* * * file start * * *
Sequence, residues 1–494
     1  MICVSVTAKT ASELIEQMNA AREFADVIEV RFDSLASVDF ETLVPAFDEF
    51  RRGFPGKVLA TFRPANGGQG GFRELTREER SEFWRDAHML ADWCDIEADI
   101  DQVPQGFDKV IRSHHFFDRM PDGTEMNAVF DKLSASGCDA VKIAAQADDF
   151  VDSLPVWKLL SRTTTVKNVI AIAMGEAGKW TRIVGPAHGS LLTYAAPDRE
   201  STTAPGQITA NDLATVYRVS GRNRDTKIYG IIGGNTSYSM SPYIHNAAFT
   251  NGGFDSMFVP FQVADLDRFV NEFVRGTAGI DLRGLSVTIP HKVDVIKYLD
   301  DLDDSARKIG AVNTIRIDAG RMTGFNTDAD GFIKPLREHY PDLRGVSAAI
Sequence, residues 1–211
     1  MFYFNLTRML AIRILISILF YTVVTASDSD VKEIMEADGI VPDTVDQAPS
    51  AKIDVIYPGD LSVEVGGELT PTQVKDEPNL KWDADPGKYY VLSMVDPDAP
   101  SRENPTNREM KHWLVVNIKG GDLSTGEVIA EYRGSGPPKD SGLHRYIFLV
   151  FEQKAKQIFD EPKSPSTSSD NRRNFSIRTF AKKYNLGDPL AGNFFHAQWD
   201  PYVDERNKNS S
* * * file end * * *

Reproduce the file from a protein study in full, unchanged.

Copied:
Sequence, residues 1–494
     1  MICVSVTAKT ASELIEQMNA AREFADVIEV RFDSLASVDF ETLVPAFDEF
    51  RRGFPGKVLA TFRPANGGQG GFRELTREER SEFWRDAHML ADWCDIEADI
   101  DQVPQGFDKV IRSHHFFDRM PDGTEMNAVF DKLSASGCDA VKIAAQADDF
   151  VDSLPVWKLL SRTTTVKNVI AIAMGEAGKW TRIVGPAHGS LLTYAAPDRE
   201  STTAPGQITA NDLATVYRVS GRNRDTKIYG IIGGNTSYSM SPYIHNAAFT
   251  NGGFDSMFVP FQVADLDRFV NEFVRGTAGI DLRGLSVTIP HKVDVIKYLD
   301  DLDDSARKIG AVNTIRIDAG RMTGFNTDAD GFIKPLREHY PDLRGVSAAI
Sequence, residues 1–211
     1  MFYFNLTRML AIRILISILF YTVVTASDSD VKEIMEADGI VPDTVDQAPS
    51  AKIDVIYPGD LSVEVGGELT PTQVKDEPNL KWDADPGKYY VLSMVDPDAP
   101  SRENPTNREM KHWLVVNIKG GDLSTGEVIA EYRGSGPPKD SGLHRYIFLV
   151  FEQKAKQIFD EPKSPSTSSD NRRNFSIRTF AKKYNLGDPL AGNFFHAQWD
   201  PYVDERNKNS S